August 6th, 2015

Daily Market Commentary



  • Initial Jobless Claims in the U.S. were 270K, below estimates of 273K.
  • Continuing jobless claims in the U.S. were 2.255M, slightly above estimates.
  • A BoE Interest Rate Decision resulted in maintaining the key interest rate at 0.5%.


  • Copper inventories in China’s bonded warehouses fell in July for the first time in four months after smelters were said to have curbed sales because domestic prices were unprofitable. Futures rallied in London.
  • Oil traded near the lowest level in more than four months amid speculation a global glut that drove prices into a bear market will be prolonged.


  • Manulife Financial Corp., Canada’s largest life insurer, said second-quarter profit fell 36 percent as changes to interest rates tempered growth and investment income.
  • Canadian Natural Resources Ltd., the country’s largest heavy-oil producer, reported a second-quarter loss as cost cuts failed to make up for a crude slump weighing on returns across the industry.
  • Canada’s oil-sands companies are starting to look like their coal-company cousins — struggling to cut costs fast enough to keep up with sinking prices.

United States:

  • U.S. stock-index futures were little changed as investors weighed quarterly results and deal activity.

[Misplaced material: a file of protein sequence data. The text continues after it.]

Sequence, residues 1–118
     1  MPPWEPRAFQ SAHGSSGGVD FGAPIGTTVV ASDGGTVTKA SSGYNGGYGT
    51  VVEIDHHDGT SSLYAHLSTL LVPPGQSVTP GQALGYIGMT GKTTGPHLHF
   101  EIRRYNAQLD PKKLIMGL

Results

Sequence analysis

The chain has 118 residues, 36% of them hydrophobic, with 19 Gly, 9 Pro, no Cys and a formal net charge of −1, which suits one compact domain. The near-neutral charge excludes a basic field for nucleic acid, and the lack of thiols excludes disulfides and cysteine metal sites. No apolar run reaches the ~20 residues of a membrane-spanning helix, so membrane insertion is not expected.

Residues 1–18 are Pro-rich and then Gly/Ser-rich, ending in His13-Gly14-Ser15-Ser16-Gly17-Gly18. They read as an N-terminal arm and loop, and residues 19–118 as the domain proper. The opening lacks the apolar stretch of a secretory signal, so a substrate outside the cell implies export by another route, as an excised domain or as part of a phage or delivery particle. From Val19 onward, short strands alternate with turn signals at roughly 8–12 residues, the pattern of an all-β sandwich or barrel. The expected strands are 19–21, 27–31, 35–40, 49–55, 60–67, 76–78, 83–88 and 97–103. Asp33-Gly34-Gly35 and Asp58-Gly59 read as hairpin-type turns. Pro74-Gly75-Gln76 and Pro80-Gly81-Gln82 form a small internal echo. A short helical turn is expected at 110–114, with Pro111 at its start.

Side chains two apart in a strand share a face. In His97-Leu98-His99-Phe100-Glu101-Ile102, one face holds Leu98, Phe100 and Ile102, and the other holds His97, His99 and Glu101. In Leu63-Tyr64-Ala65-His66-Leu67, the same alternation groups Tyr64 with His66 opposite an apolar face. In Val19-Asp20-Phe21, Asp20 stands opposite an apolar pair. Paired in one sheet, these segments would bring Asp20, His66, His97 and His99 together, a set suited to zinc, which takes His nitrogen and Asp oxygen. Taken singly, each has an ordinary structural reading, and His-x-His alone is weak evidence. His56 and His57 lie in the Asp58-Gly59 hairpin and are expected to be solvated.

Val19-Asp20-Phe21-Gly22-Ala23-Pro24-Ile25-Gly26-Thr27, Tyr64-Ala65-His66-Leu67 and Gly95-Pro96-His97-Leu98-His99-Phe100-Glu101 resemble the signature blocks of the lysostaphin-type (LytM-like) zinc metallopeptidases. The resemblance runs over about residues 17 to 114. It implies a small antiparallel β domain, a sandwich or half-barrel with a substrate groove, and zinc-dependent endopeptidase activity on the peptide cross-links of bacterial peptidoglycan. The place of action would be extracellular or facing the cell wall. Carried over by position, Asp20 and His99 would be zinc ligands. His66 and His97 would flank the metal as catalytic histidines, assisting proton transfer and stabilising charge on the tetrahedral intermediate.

• Pershing Square Capital Management, led by Bill Ackman, said it has built a stake in snack-maker Mondelez International Inc. valued at about $5.6 billion.


  • A drop in energy producers dragged European stocks lower, while investors weighed the prospect of a Federal Reserve rate increase.
  • CF Industries Holdings Inc. plans an $8 billion merger with the European and North American nitrogen-fertilizer assets of OCI NV to create a global player to rival industry leader Yara International ASA.
  • Deutsche Telekom AG reported second-quarter sales that topped analysts’ estimates as a weaker euro boosted earnings from its T-Mobile US Inc. unit, while wirelesss revenue in Germany slowed.
  • Greek stocks rose for the first time since markets reopened as banks rebounded after a three-day rout wiped out more than half their value.
  • Rio Tinto Group reported first-half profit that was better than expected as the world’s second-biggest mining company stripped out costs and reined in spending to combat lower iron-ore prices amid a slowdown in China.

*All information is taken from Bloomberg, unless otherwise noted.